Advice is one of my least favorite words, but here I am giving it. And unsolicited no less...what next? Should I go kick the dog, step on a crack and who knows, I'll just go wild. But seriously, I think this post a reasonable exception.
A friend told me once, “Leslie, people don’t know what to say to you because they are afraid they will say the wrong thing.”
We have all been in that position, I think. Someone we care about is hurting because of death of a loved one, or illness, or other issues. Unfortunately, there is some reality to the fear of saying the wrong thing. We do it all the time. Imagine for a moment that last time that you went to a funeral. This is a classic time when well-meaning people say all the wrong things.
What is said. . .What is heard
He’s in a better place. . .So be happy for him and stop crying.
God must have needed him more. . . So be brave and stop crying
Do you see what I mean? In trying to be helpful, we may unintentionally negate a person’s right to mourn. It is natural to mourn a loved one when they die, so why does our culture seem inclined to rush people through the process?
In my situation, people often don’t say anything at all. I am left to wonder what they are thinking, and the solution that I fill in can be painful.
The Hardest Easy Advice Ever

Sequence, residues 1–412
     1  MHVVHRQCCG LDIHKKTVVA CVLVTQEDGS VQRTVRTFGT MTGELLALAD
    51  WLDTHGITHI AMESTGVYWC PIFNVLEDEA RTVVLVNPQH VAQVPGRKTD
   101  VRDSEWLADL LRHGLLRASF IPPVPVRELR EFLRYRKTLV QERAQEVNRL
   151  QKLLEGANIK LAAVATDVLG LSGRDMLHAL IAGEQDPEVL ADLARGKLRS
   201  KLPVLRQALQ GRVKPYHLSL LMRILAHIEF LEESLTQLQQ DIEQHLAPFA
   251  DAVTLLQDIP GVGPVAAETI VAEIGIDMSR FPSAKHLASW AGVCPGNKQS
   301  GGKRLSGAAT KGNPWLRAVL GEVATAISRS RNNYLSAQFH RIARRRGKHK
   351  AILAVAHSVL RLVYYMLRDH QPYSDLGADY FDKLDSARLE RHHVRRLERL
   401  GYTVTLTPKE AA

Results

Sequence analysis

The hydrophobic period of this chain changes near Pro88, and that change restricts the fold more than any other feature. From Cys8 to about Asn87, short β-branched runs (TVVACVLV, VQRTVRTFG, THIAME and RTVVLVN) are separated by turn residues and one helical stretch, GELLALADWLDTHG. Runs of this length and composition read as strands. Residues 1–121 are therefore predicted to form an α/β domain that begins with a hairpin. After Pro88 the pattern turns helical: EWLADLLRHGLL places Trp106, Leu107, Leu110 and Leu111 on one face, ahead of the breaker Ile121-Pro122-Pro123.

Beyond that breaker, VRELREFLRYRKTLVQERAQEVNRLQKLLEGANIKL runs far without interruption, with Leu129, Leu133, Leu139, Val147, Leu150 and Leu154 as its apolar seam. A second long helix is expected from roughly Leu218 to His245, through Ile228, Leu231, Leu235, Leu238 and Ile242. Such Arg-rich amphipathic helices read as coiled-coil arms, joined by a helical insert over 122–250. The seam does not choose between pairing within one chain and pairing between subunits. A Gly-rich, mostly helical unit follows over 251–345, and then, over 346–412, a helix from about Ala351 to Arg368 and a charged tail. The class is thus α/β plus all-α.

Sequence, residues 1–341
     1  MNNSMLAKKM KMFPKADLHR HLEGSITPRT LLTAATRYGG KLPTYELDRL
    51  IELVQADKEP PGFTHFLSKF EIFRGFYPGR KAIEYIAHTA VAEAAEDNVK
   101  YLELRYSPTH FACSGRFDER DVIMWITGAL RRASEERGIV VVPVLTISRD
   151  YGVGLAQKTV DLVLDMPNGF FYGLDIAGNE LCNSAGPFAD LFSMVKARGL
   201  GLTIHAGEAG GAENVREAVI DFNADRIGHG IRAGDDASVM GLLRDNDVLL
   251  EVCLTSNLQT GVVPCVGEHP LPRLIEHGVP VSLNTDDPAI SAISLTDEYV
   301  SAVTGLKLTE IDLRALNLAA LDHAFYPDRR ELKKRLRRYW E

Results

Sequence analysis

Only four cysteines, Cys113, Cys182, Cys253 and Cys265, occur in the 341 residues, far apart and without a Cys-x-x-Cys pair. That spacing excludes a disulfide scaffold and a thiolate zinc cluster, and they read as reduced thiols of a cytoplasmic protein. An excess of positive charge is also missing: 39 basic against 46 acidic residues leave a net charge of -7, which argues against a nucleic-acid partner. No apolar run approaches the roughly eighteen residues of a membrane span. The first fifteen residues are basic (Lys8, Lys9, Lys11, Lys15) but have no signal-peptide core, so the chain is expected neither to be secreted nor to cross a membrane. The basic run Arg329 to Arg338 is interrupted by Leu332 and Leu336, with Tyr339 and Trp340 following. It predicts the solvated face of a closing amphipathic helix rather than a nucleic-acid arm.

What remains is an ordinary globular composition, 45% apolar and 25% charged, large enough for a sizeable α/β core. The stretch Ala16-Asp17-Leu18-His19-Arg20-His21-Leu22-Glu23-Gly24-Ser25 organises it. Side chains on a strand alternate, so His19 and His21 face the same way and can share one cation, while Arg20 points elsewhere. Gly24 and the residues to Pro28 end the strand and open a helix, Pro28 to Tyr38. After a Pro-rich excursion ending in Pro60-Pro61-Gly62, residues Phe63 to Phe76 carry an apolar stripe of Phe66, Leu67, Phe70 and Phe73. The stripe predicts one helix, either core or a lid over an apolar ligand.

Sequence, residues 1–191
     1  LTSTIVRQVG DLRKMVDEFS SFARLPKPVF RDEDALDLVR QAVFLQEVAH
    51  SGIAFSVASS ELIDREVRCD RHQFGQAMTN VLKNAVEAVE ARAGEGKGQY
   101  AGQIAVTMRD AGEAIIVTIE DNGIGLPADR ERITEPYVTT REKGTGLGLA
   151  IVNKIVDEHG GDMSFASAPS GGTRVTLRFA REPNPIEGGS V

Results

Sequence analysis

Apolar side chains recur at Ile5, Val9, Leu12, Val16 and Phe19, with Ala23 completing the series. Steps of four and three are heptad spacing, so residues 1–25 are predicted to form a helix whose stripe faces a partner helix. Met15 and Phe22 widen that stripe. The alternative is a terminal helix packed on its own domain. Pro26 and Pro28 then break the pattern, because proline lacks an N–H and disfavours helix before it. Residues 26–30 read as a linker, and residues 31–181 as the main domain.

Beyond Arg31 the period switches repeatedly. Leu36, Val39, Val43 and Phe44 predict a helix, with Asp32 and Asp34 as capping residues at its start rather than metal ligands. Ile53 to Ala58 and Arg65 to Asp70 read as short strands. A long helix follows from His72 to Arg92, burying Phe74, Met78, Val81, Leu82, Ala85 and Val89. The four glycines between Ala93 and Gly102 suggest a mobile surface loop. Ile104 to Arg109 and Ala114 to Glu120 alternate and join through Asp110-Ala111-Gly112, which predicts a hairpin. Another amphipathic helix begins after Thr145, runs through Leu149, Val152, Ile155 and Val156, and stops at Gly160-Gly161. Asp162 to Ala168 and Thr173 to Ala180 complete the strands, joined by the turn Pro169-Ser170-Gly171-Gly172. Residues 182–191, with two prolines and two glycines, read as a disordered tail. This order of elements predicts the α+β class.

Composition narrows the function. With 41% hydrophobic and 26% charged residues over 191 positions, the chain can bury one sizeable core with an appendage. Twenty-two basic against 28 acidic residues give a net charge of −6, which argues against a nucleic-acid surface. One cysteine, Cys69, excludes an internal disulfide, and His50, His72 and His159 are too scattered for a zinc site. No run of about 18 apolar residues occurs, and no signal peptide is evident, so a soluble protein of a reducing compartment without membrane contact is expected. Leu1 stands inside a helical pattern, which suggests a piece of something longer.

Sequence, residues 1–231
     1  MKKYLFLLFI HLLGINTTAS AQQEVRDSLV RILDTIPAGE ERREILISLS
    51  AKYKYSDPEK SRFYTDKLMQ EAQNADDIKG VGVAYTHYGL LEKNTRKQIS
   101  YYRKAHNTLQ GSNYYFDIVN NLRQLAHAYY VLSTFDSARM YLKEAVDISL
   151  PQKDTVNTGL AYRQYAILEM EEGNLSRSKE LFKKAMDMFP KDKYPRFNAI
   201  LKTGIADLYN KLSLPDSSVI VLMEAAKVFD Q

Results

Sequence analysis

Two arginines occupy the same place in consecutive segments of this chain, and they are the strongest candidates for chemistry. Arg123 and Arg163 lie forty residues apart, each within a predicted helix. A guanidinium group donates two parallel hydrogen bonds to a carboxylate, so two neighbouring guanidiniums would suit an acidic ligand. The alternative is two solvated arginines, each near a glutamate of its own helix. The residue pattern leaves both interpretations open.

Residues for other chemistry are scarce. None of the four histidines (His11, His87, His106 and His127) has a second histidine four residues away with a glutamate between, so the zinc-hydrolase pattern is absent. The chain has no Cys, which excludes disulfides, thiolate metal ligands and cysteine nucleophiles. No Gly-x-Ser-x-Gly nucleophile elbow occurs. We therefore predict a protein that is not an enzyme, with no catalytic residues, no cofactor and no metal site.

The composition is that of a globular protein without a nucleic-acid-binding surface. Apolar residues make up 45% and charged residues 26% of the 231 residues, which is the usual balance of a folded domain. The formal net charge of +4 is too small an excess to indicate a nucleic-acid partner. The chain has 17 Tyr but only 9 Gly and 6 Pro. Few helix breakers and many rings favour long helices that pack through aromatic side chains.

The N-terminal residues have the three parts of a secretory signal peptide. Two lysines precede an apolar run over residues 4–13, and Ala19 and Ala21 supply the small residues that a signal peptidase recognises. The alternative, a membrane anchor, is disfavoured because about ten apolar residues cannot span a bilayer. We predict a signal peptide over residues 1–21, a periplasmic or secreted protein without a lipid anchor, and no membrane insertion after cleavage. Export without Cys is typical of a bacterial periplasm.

So enough preamble, are you ready for the Hardest Easy Advice Ever? The solution for what to say when you want to help, but are fumbling for the right words is: don’t talk just listen.
I’m serious. As in my funeral analogy, we try to give comfort but that makes the person feel pressured to stop mourning. We try to give advice when we don’t even understand the problem. You really can’t go wrong with saying, “Would you like to talk about it?”
I call this the Hardest Easy Advice Ever because I think the need to “do something” is strong in each of us and “just listening” doesn’t feel like enough. But please believe me, listening and validation are my two favorite words.
Sometimes people don’t want to talk about it, in that case, don’t push. Just let them know you are there. There are so many little ways you can let someone know that you care. For me a sincere “how are you?” goes a long way. I have a co-worker that found out I am dealing with past trauma. Now every time (seriously every time) I see him, he stops for a moment and says, “How are you?” in a way that cannot be interpreted as anything but sincere. Sometimes I say, “Really hard day, thanks for asking.”
Then he says, “is there anything I can do?”
I tell him no and reassure him that the simple act of asking means the world to me.
I have another friend that I e-mail when I need a boost. Of course, it is difficult to “just listen” in email, but what he does (that I love) is give me encouragement. His emails always have a tone of “I know you can do this, Leslie.” No advice, just friendship, trust and validation. (Remember validation is my other favorite word.)
The most painful things in our life take time to recover from, during that time you can let the person you care about know you are still there if they do want to talk by: giving a hug, sending a quick email, a phone call or text to say “I was thinking of you”, flowers, or cookies. I used to work for a hotel whose theme was “Little things mean a lot.” There is a lot of wisdom there.
So now it’s your turn. Don’t let anyone in your life feel Invisible just because you don’t know what to say. (Don’t assume someone else will be there…that’s a whole other post!).I believe in you.